Jan Crouch and her husband Paul built a religious empire called Trinity Broadcasting Network (TBN) based in Costa Mesa California.

TBN is the largest Christian television network in the world and broadcasts from more than 5,000 stations. Its revenue in 2001 alone totaled $160 million.

Controversy has often surrounded the Crouch family and its kingdom.

Their authoritarian control of TBN, which is run something like a family business, charges of plagiarism and the earthly compensation the couple receive, are examples of persistent criticism.

Perhaps more troubling are allegations amongst conservative Christians that TBN promotes a “Prosperity Gospel,” and what some call the “Word of Faith” message.

One of the most popular preachers on TBN is Benny Hinn; a flamboyant faith healer often derided as a “fraud” through numerous television and press investigations reports D Magazine in Dallas.

Hinn claims numerous “miracles” have occurred at his revivals staged around the world. People that attend routinely say they have been “delivered” from cancer and Hinn supposedly has even helped to raise the dead.

However, none of these purported “miracles” have ever been proven objectively and conclusively.

Hinn may now have the opportunity to not only disprove his critics, but also to assist his long-time friends and sponsors at TBN.

Jan Crouch has been stricken with cancer.

The blond grandmother known for her tearful testimonies and heavy mascara almost as much as Tammy Faye Bakker was diagnosed with colon cancer in May.

But rather than relying upon a miracle the televangelist chose to undergo surgery.

Despite that surgery, at the end of May Crouch’s doctors found that the cancer had spread to her lymphatic system.

Will Benny Hinn now help to heal Crouch through divine intervention and demonstrate to skeptics that he is not a “fraud”?

Or will Paul Crouch become a widower while waiting for Hinn to facilitate such a “miracle”?

Stay tuned.

The most popular televangelist and faith healer in the world today is probably Benny Hinn. He is often featured on Trinity Broadcasting Network (TBN). The itinerant preacher some call a “prophet” travels worldwide to stage his “crusades.” Thousands pack stadiums and amphitheaters hoping to be healed.

However, Hinn has failed to prove even a single “healing” objectively. And like the recent “clone” claimed by a “cult,” his claims of “miracles” also seem to lack meaningful proof through science. Instead, people apparently feel “healed,” therefore they are “healed.”

Again and again the media has scrutinized the minister and found him wanting, through either his apparent knowing manipulation of the faithful and/or just plain money grabbing.

The latest exposé about Hinn just was aired on Dateline NBC.

NBC reports that the Benny Hinn Ministry is now raking in more than $100 million dollars annually.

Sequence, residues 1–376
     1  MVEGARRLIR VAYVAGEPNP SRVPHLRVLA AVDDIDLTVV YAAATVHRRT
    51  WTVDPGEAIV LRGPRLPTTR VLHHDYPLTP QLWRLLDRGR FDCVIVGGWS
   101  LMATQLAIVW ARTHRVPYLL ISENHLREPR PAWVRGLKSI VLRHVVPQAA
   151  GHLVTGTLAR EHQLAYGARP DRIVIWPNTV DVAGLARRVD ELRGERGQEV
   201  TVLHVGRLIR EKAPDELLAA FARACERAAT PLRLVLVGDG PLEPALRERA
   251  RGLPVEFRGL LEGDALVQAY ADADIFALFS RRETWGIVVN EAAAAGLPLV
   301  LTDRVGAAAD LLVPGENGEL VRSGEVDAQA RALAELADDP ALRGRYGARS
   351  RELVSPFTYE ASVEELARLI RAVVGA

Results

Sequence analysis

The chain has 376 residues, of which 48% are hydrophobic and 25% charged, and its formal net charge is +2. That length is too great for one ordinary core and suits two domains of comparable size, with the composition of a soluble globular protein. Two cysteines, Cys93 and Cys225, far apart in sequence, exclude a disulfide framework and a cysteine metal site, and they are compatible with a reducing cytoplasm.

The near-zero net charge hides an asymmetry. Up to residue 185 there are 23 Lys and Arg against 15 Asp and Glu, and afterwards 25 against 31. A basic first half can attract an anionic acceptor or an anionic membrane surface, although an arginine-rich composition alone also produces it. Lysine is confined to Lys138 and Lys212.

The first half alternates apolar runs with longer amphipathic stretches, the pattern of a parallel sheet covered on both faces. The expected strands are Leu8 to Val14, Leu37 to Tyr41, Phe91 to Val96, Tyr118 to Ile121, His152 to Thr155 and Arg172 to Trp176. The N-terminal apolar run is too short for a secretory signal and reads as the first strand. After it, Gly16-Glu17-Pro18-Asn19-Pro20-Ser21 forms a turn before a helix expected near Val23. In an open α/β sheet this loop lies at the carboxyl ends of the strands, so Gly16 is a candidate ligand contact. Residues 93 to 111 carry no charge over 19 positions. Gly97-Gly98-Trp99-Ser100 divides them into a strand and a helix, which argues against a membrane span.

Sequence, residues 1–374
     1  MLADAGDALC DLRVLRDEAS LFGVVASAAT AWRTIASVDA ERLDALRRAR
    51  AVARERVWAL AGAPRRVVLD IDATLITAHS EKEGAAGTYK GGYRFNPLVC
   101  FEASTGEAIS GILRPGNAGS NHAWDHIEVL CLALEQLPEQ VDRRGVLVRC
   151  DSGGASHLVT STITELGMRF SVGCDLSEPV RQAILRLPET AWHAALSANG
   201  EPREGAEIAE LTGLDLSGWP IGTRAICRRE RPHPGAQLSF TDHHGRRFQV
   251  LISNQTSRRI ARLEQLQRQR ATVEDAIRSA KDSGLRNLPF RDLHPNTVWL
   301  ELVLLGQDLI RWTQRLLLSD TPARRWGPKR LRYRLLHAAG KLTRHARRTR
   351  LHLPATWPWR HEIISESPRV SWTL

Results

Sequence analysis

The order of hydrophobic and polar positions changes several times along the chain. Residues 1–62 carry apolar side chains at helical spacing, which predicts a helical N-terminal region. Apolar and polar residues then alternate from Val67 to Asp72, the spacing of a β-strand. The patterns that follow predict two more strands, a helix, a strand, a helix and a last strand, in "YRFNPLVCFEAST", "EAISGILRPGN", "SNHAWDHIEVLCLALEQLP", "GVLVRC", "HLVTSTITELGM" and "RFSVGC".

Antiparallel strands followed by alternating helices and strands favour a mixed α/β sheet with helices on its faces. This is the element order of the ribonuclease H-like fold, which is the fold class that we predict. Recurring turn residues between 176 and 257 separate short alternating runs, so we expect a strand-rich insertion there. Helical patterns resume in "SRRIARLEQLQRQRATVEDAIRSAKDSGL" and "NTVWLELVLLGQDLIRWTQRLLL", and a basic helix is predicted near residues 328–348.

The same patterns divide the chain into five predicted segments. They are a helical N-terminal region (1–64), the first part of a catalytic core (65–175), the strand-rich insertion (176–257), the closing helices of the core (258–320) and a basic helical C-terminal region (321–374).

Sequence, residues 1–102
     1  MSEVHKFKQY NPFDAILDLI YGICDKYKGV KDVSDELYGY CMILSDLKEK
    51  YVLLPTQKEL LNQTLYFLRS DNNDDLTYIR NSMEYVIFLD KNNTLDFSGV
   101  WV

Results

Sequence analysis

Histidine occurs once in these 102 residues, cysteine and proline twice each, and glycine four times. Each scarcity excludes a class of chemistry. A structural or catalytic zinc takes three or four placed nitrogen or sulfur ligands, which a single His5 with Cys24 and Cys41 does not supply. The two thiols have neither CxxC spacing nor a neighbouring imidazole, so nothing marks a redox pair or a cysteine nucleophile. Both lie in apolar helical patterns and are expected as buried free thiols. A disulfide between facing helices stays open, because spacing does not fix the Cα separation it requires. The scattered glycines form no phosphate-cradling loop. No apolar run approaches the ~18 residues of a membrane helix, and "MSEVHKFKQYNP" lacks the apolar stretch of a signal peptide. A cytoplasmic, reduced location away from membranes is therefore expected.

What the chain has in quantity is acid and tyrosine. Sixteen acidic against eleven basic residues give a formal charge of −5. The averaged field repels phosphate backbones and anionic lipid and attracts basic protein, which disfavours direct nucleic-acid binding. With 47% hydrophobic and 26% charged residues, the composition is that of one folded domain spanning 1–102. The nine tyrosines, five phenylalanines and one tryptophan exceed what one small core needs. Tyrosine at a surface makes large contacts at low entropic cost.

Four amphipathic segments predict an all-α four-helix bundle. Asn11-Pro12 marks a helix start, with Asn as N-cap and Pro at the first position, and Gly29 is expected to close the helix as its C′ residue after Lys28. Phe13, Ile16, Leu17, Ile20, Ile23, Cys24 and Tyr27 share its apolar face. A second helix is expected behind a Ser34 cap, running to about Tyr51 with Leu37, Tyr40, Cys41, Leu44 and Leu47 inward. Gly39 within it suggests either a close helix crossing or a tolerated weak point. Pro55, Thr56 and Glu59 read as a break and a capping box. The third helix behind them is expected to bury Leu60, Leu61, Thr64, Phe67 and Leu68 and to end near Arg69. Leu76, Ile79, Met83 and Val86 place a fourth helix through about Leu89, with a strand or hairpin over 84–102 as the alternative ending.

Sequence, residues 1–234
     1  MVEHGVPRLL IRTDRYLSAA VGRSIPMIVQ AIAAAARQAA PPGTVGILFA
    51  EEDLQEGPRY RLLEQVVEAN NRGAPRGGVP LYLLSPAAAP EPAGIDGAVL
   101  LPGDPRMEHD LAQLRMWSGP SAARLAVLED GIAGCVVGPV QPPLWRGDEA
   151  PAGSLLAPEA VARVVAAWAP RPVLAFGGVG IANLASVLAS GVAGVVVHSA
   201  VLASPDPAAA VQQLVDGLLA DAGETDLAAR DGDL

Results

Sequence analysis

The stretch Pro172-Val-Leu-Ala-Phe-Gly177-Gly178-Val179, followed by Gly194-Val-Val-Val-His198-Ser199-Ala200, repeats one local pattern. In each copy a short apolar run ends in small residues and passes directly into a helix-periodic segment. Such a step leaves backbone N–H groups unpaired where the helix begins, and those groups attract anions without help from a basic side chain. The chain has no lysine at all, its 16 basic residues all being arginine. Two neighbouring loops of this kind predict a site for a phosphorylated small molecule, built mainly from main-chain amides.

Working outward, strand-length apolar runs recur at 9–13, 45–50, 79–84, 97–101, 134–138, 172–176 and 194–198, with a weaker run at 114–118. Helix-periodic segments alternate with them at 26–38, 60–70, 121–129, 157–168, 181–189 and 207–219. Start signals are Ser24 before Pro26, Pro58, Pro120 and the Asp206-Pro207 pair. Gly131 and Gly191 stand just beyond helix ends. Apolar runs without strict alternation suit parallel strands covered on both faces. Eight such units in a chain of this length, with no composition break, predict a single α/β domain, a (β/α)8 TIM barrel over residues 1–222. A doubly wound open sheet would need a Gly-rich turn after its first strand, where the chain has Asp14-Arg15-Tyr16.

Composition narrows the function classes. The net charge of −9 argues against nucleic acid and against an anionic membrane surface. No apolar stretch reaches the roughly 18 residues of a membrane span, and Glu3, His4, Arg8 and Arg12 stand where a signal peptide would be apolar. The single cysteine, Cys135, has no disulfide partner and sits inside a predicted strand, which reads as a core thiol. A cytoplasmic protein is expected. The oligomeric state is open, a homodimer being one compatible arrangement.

What is controversial about this cash flow is how Hinn uses it benefit personally

Benny Hinn is not a member of the Evangelical Council for Financial Accountability, which includes the Billy Graham Crusade, nor is he legally obligated to disclose his finances publicly.

But Hinn has acknowledged that his yearly salary is somewhere between $500,000.00 and $1 million. And that doesn’t appear to include all compensation, such as travel expenses or other questionable perks.

Hinn’s travel expenses alone must be astronomical, given his penchant for luxurious presidential suites, which can easily run more than $1,000.00 a night. He also likes to fly to Europe on the Concorde, which is $8,000, a pop.

But perhaps the most outrageous of Hinn’s recently exposed perks is his so-called “parsonage,” which will cost $3.5 million dollar to build. The house has 7 bedrooms and 8 baths and includes 6,000 square feet, a view of the Pacific and room for ten cars in its underground garage. Benny likes BMWs.

And to think that Jesus was born in manger and rode into Jerusalem on a donkey. And the Apostles weren’t exactly high rollers either.

The money to fuel Hinn’s expenses and perks comes from contributions to his tax-exempt ministry.

For some time I have maintained an archive about Benny Hinn within my website. The response has been interesting.

Some visitors are happy to have access to the information.

One emailed, “Mr. Hinn should know that good works have value in the eyes of God, but not the fortune he has accumulated by preying on naive people.”

Another said, “I suspected Benny Hinn when he appeared on talk TV shows, and also because he is such a showman. I personally attended one of his crusades. I saw children that looked like they were dying, but couldn’t get to him. Benny Hinn is not giving hope to people, but destroying any hope that many had to start with. It’s my opinion that people who use God to gain power, money, fame, fortune and have no interest in the souls of the people they minister to, will have to answer to the Savior one day.”

But perhaps the most telling response is from Hinn’s fans that are not so happy with me.

One wrote, “I would be very careful about messing with God’s Anointed! Benny Hinn is anointed. God does love you. Please listen to God.”

Many of those who attend Benny Hinn crusades seem to think the faith healer and God are virtually synonymous.

And what about the money?

Another Hinn fan said, “It takes money to be on TV and to do crusades. By giving ‘into good soil’ we, are blessed. God Blesses His people and Benny Hinn is a man of God. Why is everyone hung up on money? The streets in heaven are paved with gold.”

But some of the faithful can get downright nasty. One angry Hinn groupie wrote, “Have you ever attended a Benny Hinn crusade or any other man of God? If you had, you would be ashamed of yourself and immediately destroy this website. However, I know you Satan. I know the deception you so cleverly weave around men.”

One of Hinn’s true believers put it more succinctly, “God rules not Satan you stupid idiot.”